parade through the streets of

Auckland this afternoon after

the All Blacks at last

reclaimed the Cup by the

narrowest of margins, 8-7. The

celebrations continued all

night and the Auckland

waterfront area was party

central. A rousing haka

stirring the Queen's Wharf

crowd But as the game began,

even the face paint couldn't

disguise the anxiety. Party

Central's 12,000 strong crowd

growing quiet as the clock

ticked close tore full-time.

Everyone was well aware the Cup

was hanging in the balance, but

when that final whistle sounded... (CHEERING AND


..the cruise ships joined

in. Pure excitement, relief and

joy. The All Blacks had broken

their 24-year World Cup-winning

drought Supported the All

Blacks since 1981, since I was

a young kid, so to see them

lift the Cup, proud as, man,

proud as. When Richie lifted

the Cup, the partying really began Fantastic.

Not just Richie, the whole

4.5 million, unbelievable. In

inturan fan zones, the

atmosphere was just as

electric So awesome. So proud, so proud!.

Yes, we got the Cup,

year!. Despite some people taking celebrations to new

heights, the police were pretty

happy with the crowd #24er' all

pretty boys introduce. 97% are

doing well. A few clowns who

will probably end up having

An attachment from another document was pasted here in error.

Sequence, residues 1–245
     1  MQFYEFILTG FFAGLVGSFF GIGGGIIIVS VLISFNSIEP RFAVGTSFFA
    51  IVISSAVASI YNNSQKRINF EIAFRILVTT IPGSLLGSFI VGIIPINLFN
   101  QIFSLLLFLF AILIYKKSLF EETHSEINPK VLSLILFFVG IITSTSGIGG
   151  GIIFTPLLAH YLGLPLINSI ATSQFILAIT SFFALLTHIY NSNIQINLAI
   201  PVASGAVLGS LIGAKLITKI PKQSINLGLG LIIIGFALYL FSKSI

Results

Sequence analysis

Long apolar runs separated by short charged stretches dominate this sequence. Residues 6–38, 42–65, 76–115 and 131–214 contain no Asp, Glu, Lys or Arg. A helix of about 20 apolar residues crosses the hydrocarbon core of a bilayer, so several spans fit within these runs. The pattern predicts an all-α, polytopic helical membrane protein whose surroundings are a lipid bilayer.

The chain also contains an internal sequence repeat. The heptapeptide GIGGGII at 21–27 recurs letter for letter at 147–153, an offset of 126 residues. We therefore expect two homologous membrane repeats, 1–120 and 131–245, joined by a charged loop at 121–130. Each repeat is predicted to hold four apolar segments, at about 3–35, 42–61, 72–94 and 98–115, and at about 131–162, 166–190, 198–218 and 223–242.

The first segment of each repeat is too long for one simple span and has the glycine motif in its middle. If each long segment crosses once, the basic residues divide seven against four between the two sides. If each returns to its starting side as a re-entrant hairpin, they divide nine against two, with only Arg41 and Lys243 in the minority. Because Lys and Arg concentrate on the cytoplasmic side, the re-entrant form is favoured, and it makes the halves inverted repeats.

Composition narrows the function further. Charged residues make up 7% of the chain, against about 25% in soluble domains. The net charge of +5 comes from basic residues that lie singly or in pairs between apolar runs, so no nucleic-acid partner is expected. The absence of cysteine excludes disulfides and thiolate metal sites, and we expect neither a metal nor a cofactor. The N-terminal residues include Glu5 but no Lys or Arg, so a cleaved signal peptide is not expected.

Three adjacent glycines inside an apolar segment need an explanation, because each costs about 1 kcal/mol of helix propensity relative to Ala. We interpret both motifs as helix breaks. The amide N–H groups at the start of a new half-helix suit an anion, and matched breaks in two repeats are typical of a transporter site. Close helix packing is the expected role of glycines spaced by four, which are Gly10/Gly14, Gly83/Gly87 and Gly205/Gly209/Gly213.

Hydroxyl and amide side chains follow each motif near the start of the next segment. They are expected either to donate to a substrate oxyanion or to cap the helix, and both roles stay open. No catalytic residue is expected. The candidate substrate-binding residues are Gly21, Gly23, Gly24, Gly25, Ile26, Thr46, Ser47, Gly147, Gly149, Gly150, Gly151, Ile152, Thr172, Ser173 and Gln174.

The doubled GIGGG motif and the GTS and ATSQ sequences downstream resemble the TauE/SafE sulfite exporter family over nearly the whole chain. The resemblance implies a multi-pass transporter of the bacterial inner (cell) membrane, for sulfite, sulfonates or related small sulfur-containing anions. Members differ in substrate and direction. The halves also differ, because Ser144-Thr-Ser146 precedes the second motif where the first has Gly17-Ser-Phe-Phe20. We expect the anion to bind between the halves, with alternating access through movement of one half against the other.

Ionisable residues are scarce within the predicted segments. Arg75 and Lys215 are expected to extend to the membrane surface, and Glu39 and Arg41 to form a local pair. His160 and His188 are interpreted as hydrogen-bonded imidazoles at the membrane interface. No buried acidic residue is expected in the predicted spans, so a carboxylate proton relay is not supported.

breakfast with us. No arrests,

but at Eden Park just one

arrest. Fans weren't moving

from their seats until they saw

Richie and the Cup. Shall It's

been a really tough 12 months

for New Zealand and the boys

knew that. They had

Christchurch in their heart and

Pike River and all of those

things and they just played

with guts and determination,

everything that means to be a

New Zealander and felt pretty

good darn good to take it

home. But no-one wanted it more

than the boys on the field,

their 24-year dream their 24-year dream finally

coming true. A look at the

weather now and the satellite

shows a cloud band crossing the

south-east of the country with

a cooler change, bringing rain

to parts of Tasmania, Victoria

and South Australia. Scattered

cloud over northern South Australia, the Northern Territory and Western Australia

in a broad trough is generating

showers and thunderstorms. And

there is cloud over Queensland and New South Wales bringing

virtually no rain. Tomorrow, a

trough will generate warm

thundery weather in the

Northern Territory, western

Queensland and New South Wales

which will have the heaviest

storms. The trough will also

trigger a few storms in

northern Victoria and Central

Australia as a high clears

South Australia. A trough in

western WA will cause showers

and storms to develop. So the


Let's go back to the Stock Exchange for a final check of

the Marketses and it is a

strong start to the week: I believe those figures are

a little out of date. That's

the news for now on a day when

an earthquake killed scores in

Turkey and the Queen went to

Brisbane. There is continuous

news on ABC News 24 and also

news online. Our next full

bulletin on ABC1 is at 7

o'clock this evening. I'm Ros

Childs. Have a great afternoon.